Squeaky wheel gets grease, or free pass
BOSTON, Feb. 6 (UPI) -- A Boston subway rider says the Fitchburg line was late more than 30 minutes so often she got a $55 refund as a result of her "on-time guarantee."
However, she says the $50 bill she received from one of the stations of the Massachusetts Bay Transportation Authority turned out to be a counterfeit bill, the Boston Globe reported Sunday.
A newspaper vendor said the bill was fake and advised her to take it to the bank, the bank told her to go to the MBTA Transit Police and the police took the counterfeit bill and refused to have it replaced.
"I received a call from the head of MBTA customer service explaining they appreciated my honesty but basically I was now out the $50 and the MBTA would not provide any refund," the woman said. "So now I have endured countless late trains, and I am out $50."
However, MBTA head Daniel Grabauskas stepped in and ordered a check for $50 be sent to the woman -- along with a commuter rail pass worth $170 for the month of March -- said MBTA spokesman Joe Pesaturo.
Men want gadgets and gizmos
IRVINE, Calif., Feb. 6 (UPI) -- When it comes to gifts for Valentine's Day, U.S. men prefer an electronic gadget or gizmo, a survey says.
Most men would prefer to receive a gadget rather than candy or flowers from their significant other on Valentine's Day, according to survey by IOGEAR of 607 male and female respondents.
Sixty-one percent of men said that any technical gear would be their gift of choice, but only 19 percent say they have ever received such a gift for Valentine's Day.
The poll also found that an increasing number of women -- 23 percent -- would rather receive a high-tech toy than a bouquet of flowers or box of candy on Valentine's Day.
When work feels more like a zoo
CHICAGO, Feb. 6 (UPI) -- Fifty-three percent of U.S. workers say they feel like they work with a bunch of animals from the zoo, a survey finds.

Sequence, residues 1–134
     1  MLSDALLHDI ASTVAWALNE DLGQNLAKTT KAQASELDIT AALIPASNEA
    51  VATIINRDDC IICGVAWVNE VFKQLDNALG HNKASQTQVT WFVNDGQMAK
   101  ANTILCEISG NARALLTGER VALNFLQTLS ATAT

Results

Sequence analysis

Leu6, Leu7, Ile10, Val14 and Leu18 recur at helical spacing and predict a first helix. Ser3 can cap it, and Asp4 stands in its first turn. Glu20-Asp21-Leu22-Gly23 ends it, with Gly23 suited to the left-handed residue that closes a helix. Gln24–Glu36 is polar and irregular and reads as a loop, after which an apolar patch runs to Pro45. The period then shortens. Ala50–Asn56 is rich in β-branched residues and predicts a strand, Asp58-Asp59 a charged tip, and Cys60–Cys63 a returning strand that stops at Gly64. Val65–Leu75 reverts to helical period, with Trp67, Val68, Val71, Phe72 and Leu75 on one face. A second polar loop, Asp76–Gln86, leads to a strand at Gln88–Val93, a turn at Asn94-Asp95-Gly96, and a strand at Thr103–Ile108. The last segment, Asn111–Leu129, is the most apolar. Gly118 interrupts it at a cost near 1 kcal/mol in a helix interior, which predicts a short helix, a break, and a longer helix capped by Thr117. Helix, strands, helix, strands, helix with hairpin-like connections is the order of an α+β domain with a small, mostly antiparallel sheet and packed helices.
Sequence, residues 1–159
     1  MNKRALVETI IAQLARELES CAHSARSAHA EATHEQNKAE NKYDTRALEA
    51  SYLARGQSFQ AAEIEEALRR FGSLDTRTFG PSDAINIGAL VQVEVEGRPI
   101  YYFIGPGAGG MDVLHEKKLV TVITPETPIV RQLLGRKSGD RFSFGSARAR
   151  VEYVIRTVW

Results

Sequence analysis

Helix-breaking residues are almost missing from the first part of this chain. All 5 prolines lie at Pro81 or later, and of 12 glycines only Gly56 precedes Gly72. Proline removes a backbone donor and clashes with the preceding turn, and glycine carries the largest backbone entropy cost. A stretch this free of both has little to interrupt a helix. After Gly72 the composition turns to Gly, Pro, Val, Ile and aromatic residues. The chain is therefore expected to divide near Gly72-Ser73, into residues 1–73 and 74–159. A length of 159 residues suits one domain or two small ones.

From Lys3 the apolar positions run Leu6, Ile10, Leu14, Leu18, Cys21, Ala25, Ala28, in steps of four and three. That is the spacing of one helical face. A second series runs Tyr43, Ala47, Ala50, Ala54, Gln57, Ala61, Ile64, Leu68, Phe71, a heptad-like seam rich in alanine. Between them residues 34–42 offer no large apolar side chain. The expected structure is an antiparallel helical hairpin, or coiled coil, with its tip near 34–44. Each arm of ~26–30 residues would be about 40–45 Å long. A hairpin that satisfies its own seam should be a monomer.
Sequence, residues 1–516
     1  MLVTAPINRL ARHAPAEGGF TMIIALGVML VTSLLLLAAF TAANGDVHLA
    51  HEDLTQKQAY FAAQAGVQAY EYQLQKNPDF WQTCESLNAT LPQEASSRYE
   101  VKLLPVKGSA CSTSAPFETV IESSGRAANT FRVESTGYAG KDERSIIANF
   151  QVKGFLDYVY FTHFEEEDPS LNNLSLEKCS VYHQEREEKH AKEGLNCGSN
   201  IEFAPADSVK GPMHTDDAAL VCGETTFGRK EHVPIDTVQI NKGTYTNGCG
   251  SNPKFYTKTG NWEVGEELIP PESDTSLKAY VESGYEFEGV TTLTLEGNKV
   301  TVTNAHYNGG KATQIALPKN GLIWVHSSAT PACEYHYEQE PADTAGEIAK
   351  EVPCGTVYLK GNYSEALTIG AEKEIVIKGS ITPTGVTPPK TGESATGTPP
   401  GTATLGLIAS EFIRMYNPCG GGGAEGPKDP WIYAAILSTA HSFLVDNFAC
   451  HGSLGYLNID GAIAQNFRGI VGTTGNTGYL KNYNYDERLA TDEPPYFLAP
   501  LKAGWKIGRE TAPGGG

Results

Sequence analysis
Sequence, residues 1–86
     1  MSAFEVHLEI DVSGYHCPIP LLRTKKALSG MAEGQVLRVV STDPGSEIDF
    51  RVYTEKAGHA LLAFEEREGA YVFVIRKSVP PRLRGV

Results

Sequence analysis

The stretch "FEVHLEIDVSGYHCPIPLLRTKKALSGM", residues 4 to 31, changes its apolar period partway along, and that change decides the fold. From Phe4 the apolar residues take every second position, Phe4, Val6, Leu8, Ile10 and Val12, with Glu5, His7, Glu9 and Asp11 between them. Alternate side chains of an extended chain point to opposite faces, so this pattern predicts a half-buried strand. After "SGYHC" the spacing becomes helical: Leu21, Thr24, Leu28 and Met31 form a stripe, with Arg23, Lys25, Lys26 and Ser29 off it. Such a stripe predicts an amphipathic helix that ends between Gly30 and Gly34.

"If your boss acts like Tarzan and your workplace is a zoo, it may be time to join these workers in moving on to a better job opportunity," said Rosemary Haefner, vice president of human resources, CareerBuilder.com.
The survey by CareerBuilder.com of more than 2,050 workers nationwide also revealed some prime examples of what makes work seem more like a zoo including:
The co-worker who constantly e-mails the person who is sitting right next to her.
The co-worker who sits in a crowded cubicle area and puts every conversation on speaker phone, including his exploits of the night before.
The boss who cut his fingernails while standing in his employee's cubicle.
The boss who swears at the top of his lungs and occasionally throws his chair or phone down the hall.
The co-worker who was caught sleeping on the job more than once and would insist he was praying.
N.H. arresting teens with booze breath
CONCORD, N.H., Feb. 6 (UPI) -- New Hampshire teenagers who have alcohol on their breath now face the same prosecution as if they were caught with drink in hand, the Washington Post says.
Police said in the past, teenagers at a party would drop their drinks and run when officers arrived, leaving little to build a case.
"You couldn't charge them with anything," said Eddie Edwards, the state's chief of liquor law enforcement. "There's no deterrent."
But now, those under the age of 21 can be arrested for what is colloquially called "internal possession" of alcohol to the point of being intoxicated, the newspaper said.
The offense is on the same level as a traffic violation, but carries a $300 fine and the possible loss of a driver's license.
However, some legal scholars say the law is pushing the definition of a real possession charge.
"When the law makes the offense simply a biological fact, of simply having a certain chemical in one's body, that steps over a line in the law that has been traditionally accepted," said Richard Bonnie, a law professor at the University of Virginia who has studied underage drinking.